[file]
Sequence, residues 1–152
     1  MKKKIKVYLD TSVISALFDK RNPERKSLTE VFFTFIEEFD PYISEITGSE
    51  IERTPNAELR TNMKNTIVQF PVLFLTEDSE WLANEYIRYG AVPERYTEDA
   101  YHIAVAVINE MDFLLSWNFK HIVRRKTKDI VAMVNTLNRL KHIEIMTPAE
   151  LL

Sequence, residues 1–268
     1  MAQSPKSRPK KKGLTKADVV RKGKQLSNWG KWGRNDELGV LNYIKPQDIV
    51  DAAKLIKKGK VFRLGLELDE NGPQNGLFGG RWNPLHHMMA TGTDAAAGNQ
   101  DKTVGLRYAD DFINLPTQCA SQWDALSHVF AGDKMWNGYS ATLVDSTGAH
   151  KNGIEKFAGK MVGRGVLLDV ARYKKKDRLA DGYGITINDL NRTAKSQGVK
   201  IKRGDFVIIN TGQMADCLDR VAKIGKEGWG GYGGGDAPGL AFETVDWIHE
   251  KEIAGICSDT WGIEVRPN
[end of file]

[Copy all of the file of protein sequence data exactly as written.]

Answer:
Sequence, residues 1–152
     1  MKKKIKVYLD TSVISALFDK RNPERKSLTE VFFTFIEEFD PYISEITGSE
    51  IERTPNAELR TNMKNTIVQF PVLFLTEDSE WLANEYIRYG AVPERYTEDA
   101  YHIAVAVINE MDFLLSWNFK HIVRRKTKDI VAMVNTLNRL KHIEIMTPAE
   151  LL

Sequence, residues 1–268
     1  MAQSPKSRPK KKGLTKADVV RKGKQLSNWG KWGRNDELGV LNYIKPQDIV
    51  DAAKLIKKGK VFRLGLELDE NGPQNGLFGG RWNPLHHMMA TGTDAAAGNQ
   101  DKTVGLRYAD DFINLPTQCA SQWDALSHVF AGDKMWNGYS ATLVDSTGAH
   151  KNGIEKFAGK MVGRGVLLDV ARYKKKDRLA DGYGITINDL NRTAKSQGVK
   201  IKRGDFVIIN TGQMADCLDR VAKIGKEGWG GYGGGDAPGL AFETVDWIHE
   251  KEIAGICSDT WGIEVRPN